New chemical engineering facility replicates industrial experience for students
As we begin semester 2, Surrey’s new £1.7m chemical engineering facility – which includes a fully operational process plant – is being used for undergraduate teaching across all years.
The new facility within the Department of Chemical and Process Engineering gives students access to state-of-the-art equipment that replicates what they will eventually use in industry.
The facility was part-funded by a donation of $1 million from Surrey alumni Neil and Elizabeth Chapman. Neil Chapman is a Chemical Engineering graduate and currently President of ExxonMobil Chemical Company, and Elizabeth is a Human Health and Biology alumna.
Featuring an open plan, light-filled learning space, the new facility includes:
A fully operational process plant replicating industry practice to demonstrate chemical reaction, solids handling, filtration, and CO2 capture. Modelled on a simple and safe whole process – producing very pure saline solution from a contaminated salt feed – the plant enables students to experience different unit operations commonly found in process plants. Undergraduate students, self-organised as a team of 30, are challenged to run the plant for a working week, making tonnes of product, and meeting quality control requirements with changes in product grade. This experience is not offered at any other university
High spec control room situated on a mezzanine floor
Stand-alone equipment enabling students to understand key chemical engineering operations and conduct simple experiments before using the full pilot plant, including a refrigeration plant, gas absorption unit (to remove CO2 gases) and a crystallisation unit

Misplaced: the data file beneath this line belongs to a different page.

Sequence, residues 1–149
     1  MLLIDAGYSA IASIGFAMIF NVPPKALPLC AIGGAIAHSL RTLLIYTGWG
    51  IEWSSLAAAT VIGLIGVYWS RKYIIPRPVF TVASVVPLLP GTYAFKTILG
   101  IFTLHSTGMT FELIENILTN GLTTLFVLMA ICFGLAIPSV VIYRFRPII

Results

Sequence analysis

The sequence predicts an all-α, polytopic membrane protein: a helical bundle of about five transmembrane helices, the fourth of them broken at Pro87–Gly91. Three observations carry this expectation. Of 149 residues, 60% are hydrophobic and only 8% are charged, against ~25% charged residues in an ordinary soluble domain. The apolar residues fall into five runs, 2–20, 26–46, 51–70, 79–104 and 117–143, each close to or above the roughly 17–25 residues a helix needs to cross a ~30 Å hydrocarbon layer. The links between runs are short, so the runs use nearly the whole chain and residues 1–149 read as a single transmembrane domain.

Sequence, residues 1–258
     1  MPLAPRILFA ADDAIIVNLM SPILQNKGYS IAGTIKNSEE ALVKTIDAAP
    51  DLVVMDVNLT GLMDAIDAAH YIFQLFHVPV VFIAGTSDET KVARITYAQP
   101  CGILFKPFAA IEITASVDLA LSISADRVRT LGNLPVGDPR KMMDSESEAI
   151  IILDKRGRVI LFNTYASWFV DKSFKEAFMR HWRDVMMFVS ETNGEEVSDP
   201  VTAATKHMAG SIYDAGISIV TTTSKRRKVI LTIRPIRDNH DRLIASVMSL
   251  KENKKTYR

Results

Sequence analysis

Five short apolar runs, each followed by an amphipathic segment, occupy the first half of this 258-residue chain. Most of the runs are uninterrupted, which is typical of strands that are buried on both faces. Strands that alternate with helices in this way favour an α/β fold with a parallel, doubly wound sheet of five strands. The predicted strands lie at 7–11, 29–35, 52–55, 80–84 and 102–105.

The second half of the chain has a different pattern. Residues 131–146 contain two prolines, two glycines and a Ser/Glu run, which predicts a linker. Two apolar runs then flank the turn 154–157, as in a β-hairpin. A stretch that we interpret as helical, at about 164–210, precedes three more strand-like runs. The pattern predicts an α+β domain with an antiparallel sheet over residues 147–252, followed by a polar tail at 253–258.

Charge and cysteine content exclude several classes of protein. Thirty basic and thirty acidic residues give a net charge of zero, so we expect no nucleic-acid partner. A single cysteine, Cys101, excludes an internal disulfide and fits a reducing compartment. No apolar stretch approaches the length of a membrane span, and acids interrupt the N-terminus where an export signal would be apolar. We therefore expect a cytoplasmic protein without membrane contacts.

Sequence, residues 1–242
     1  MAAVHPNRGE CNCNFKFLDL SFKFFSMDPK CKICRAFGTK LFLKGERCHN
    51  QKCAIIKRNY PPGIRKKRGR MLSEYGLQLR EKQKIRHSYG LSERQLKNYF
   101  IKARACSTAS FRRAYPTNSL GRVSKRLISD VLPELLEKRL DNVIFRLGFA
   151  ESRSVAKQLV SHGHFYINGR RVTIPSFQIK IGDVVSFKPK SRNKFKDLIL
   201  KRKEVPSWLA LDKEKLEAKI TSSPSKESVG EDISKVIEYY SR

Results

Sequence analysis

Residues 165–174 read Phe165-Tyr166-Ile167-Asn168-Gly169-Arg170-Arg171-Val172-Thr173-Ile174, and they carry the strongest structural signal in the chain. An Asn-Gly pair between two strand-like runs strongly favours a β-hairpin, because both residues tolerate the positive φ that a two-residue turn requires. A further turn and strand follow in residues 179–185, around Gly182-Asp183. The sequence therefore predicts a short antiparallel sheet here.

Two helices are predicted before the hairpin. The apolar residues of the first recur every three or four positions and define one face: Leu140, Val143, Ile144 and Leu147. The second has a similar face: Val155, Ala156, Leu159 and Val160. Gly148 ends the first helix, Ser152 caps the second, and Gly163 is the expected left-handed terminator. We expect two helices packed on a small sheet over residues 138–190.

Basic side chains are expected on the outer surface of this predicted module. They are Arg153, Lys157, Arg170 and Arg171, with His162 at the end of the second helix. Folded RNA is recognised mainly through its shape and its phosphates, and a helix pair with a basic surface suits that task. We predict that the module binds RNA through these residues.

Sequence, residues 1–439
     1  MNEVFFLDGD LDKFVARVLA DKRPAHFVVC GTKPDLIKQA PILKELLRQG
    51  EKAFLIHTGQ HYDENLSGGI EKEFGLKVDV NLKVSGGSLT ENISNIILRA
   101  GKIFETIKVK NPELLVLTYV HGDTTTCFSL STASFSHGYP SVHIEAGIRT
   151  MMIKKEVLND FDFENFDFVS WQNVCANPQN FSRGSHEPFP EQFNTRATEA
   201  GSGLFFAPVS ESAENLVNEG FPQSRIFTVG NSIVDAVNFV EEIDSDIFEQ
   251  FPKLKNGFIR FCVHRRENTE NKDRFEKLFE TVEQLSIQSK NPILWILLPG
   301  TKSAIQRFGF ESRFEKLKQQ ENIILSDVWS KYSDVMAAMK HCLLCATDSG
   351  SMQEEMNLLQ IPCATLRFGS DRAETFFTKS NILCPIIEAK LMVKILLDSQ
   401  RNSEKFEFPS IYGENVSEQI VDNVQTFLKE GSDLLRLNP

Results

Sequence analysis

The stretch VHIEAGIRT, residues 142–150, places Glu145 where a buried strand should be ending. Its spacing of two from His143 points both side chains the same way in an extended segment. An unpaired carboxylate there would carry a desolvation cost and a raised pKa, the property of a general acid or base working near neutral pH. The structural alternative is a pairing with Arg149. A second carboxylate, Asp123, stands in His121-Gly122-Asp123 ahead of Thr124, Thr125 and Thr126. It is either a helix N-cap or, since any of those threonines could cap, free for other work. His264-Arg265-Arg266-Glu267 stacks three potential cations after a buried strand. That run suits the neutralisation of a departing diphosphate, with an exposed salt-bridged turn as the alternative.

The facility also houses a new computer lab which in the future will offer students a range of immersive, innovative learning experiences such as virtual plant simulations using VR headsets, and computer-based programmes for remote experiments.
The facility benefits students across all years of Surrey’s chemical engineering degrees, as well as being used for PhD research. First year students use the equipment during their ‘Scientific Fundamentals’ module while second year students construct industry-standard Process Flow Diagrams for the plant as part of their ‘Engineering Systems and Dynamics’ module. Third year students take part in intensive ‘production weeks’ at the facility.
Director of Learning and Teaching Professor Esat Alpay said: “The new facility has had a transformative effect on the student learning environment. The pilot plant, together with several new semi-technical-scale laboratory items, provides students with opportunities to develop a wide range of practical skills, and to experience real-world plant and process operations. This should place our graduates in an even stronger position when it comes to job applications.”
Discover our programmes in Chemical and Process Engineering.